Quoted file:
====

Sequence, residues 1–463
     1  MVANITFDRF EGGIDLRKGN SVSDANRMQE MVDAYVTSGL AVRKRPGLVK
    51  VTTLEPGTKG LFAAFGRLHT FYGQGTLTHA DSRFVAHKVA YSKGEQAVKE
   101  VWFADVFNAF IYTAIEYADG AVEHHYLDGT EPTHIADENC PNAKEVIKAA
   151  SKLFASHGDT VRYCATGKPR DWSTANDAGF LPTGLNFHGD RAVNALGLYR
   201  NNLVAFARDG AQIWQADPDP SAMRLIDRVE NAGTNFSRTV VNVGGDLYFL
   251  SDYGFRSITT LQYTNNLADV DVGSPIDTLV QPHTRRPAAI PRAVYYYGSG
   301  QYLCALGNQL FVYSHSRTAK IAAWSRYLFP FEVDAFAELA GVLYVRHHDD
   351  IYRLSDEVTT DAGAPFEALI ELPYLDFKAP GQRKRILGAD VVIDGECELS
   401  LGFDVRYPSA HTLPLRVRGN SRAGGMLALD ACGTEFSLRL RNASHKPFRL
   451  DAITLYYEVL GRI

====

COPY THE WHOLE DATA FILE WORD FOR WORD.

Sequence, residues 1–463
     1  MVANITFDRF EGGIDLRKGN SVSDANRMQE MVDAYVTSGL AVRKRPGLVK
    51  VTTLEPGTKG LFAAFGRLHT FYGQGTLTHA DSRFVAHKVA YSKGEQAVKE
   101  VWFADVFNAF IYTAIEYADG AVEHHYLDGT EPTHIADENC PNAKEVIKAA
   151  SKLFASHGDT VRYCATGKPR DWSTANDAGF LPTGLNFHGD RAVNALGLYR
   201  NNLVAFARDG AQIWQADPDP SAMRLIDRVE NAGTNFSRTV VNVGGDLYFL
   251  SDYGFRSITT LQYTNNLADV DVGSPIDTLV QPHTRRPAAI PRAVYYYGSG
   301  QYLCALGNQL FVYSHSRTAK IAAWSRYLFP FEVDAFAELA GVLYVRHHDD
   351  IYRLSDEVTT DAGAPFEALI ELPYLDFKAP GQRKRILGAD VVIDGECELS
   401  LGFDVRYPSA HTLPLRVRGN SRAGGMLALD ACGTEFSLRL RNASHKPFRL
   451  DAITLYYEVL GRI